Several hundred years ago, a heresy sat poised, ready to ignite. All it needed was the right match, and 18th century Christianity would be engulfed in flames. The match was found in a young pastor and his congregation just outside of Boston, Massachusetts, USA. The heresy, now called Unitarianism, still simmers and burns today all over the world, but especially where I live in New England.
The match was struck in 1753. Pastor Lemuel Briant had been asked by several elders to quit his pastorate at the First Congregational Church of Braintree, MA. Their reasons were more than justified. In the past year his wife had left him, taking their children away. In departing she had also leveled against him several public accusations of impropriety. But in spite of the family situation, Briant refused to resign. In addition to all that, the church elders demanded he retract a catechism he had given to the children of the church, one written by a man who explicitly denied the deity of Christ. The church’s elders felt it best for Briant to care for his family. They also feared for the spiritual health of the church’s children.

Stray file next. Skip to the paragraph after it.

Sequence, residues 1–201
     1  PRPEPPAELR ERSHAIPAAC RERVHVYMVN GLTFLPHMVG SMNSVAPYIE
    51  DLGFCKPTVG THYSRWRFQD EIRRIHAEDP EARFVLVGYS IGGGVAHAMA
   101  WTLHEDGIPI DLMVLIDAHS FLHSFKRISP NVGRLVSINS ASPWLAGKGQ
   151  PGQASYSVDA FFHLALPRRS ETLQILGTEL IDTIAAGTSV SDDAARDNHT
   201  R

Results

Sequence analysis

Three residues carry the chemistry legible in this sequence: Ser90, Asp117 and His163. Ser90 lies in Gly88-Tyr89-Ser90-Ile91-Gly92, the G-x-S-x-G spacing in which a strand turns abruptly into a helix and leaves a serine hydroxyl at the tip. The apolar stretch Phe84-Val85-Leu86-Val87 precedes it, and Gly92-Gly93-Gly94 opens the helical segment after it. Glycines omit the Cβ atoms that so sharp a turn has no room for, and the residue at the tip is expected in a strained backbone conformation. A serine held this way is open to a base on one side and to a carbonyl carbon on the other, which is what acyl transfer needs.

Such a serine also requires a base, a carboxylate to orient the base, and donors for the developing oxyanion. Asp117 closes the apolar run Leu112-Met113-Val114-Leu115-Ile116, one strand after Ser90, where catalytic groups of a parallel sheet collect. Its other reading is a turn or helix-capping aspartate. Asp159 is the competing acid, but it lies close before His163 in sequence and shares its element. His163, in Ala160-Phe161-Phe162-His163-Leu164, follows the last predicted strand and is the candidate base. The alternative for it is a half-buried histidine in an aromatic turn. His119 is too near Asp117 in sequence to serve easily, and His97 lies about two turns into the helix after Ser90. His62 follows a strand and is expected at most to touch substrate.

But Pastor Briant simply ignored the elders. Understandably upset, the elders called in several pastors from other churches for help. These pastors were the same men who had ordained Briant three years earlier. In a private meeting, he was again prevailed upon to immediately resign and go take care of his family. However, Briant again refused. Instead, he made his own demand. He insisted that he be given a church vote.1 If the congregation voted to keep him, he would stay, but if he was voted out, he would go.
Lemuel Briant had read the people well, for when the church came together to vote, they stuck with Briant. They completely rejected the recommendation of their own elders and the three pastors who had ordained him. According to original documents, the church retained Briant by an “overwhelming vote.”2 Today, this church is called the United First Parish Church of Quincy, and it is acknowledged as the first Unitarian Church in history. As such, it quickly abandoned all faith in the Eternal Son of God, the Trinity, and the saving gospel of Jesus Christ. In a word, they voted to apostatize. Read more about Voting to Apostatize: Unitarianism